Plea withdrawn in hired beating case of a 17-year-old Utahn girl VERNAL, Utah (AP) – A Utah teenager who pleaded no contest to hiring a man to beat her in an effort to induce a miscarriage has been released from jail after a judge ruled that she was seeking an abortion and was not criminally liable. Eighth District Juvenile Court Judge Larry Steele called the girl’s actions “shocking and crude” in a ruling last week, but said that under state law “a woman who solicits or seeks to have another cause an abortion of her own unborn child cannot be criminally liable.” The 17-year-old girl from Uintah County, who has not been identified because of her age, pleaded no contest in
Get the heads up about Drunk Driving!
Wednesday, Oct. 14, 2009
Debate discusses licensing, park strips By JARED PRICE staff writer
Milk Ice Cream aky” Cheese
Come see how it feels to be behind the wheel drunk with a Drunk Driving Simulator
Save A Life Tour Alcohol Awareness Education
October 22, 2009 9 am-3 pm Located in the TSC Ballroom
Award Winning Cheese Shelf Stable Milk Homemade Ice Cream Fresh “Squeaky” Cheese
Looking for a job? Gossner is looking for student employees. Enthusiastic, energetic and dependable people are what we want. Great opportunity to build a career. We have flexible schedules that work with your school schedule. Interested? Stop by or call 435-752-9365
June to a second-degree felony count of criminal solicitation to commit murder. Steele had ordered the teen to be placed in the custody of Utah Juvenile Justice Services until she is 21. The teen’s mother got a new attorney, Rich King, who argued that under Utah law women cannot be held criminally liable for soliciting an abortion. Steele on Thursday granted King’s motion to withdraw the girl’s no contest plea and release her from detention. Prosecutor Mike Drechsel told The Associated Press on Tuesday he had no comment. Prosecutors said the girl paid Aaron Harrison, 21, $150 to beat her after her boyfriend threatened a breakup if she didn’t get rid of the child. Court documents said Harrison brought the girl in May to his home, where he was accused of striking her and biting her, leaving bruises on her stomach and a bite mark on her neck. King contends that the girl did not do what prosecutors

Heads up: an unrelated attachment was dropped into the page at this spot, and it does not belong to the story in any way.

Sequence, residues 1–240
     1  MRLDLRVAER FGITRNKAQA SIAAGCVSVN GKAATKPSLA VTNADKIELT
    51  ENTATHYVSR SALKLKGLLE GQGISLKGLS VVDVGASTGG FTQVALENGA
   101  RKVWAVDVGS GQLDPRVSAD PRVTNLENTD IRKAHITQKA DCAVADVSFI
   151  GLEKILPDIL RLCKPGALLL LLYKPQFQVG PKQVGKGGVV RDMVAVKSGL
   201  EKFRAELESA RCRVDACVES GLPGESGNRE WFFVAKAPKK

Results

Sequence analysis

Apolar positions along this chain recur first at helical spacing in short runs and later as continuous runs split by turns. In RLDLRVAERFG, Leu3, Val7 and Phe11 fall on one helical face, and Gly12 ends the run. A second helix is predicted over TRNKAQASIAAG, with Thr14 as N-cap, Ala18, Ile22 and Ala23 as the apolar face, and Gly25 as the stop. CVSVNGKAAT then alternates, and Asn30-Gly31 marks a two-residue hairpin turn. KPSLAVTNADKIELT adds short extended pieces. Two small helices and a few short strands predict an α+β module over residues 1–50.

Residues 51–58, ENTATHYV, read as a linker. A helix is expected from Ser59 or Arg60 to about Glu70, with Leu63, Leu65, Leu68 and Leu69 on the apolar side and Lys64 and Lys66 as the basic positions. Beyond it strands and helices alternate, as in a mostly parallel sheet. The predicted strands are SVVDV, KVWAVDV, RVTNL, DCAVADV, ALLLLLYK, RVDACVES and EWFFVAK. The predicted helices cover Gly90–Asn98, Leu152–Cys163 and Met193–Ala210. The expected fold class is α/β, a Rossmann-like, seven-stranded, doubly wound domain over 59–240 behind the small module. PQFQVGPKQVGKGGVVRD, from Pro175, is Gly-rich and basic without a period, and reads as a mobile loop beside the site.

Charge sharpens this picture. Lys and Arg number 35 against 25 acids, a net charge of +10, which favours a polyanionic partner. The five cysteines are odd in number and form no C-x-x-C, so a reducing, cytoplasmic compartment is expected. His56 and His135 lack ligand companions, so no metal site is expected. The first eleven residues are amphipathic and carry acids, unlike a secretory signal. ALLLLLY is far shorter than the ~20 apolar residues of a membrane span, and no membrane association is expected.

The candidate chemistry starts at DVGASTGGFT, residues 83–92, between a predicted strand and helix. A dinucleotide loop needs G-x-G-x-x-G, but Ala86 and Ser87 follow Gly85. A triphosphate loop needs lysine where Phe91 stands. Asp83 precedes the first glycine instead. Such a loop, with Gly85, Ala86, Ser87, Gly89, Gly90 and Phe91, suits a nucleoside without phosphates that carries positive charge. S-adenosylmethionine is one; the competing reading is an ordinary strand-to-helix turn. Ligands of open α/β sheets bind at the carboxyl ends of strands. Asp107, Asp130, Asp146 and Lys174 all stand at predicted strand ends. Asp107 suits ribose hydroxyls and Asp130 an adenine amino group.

allege and even if she had she would not be liable. The baby survived the beating and was born in midAugust a few days before the girl’s due date. It remains in state custody and is living with foster parents. Harrison in September pleaded guilty to seconddegree felony attempted murder. He is due in court for sentencing Oct. 27. A message left by The Associated Press for Harrison’s court-appointed attorney, John Beaslin, was not immediately returned Tuesday. Some state lawmakers say they plan to tighten legal definitions next session in response to the case. State Rep. Paul Ray, RClearfield, called the girl’s actions “brutal and monstrous.” “She hired someone so her fetus would die,” Ray said. “The law let her slip through the cracks and let her go. We need to change wording in the law.”
“We’re supporting this business by supplying the parking,” Watts said. Watts cited other problems that arose from the parking situation including neighborto-neighbor conflicts, parking directly on the sidewalk and often times parking on the front lawn. “Pretty soon it becomes unmanageable.” Watts said. Morrill’s stance on the issue is that the problem spots should be addressed on a caseby-case basis. “It’s not beautiful to put more cars on the street,” Morrill said. Morrill said this is another example of invasive government and that in this situation also, government intervention is not the solution. “This idea of cookie-cutter or blanket laws to create a solution will do just the opposite,” Morrill said. The USU debate will take place from 12:30-1:30 p.m. – firstname.lastname@example.org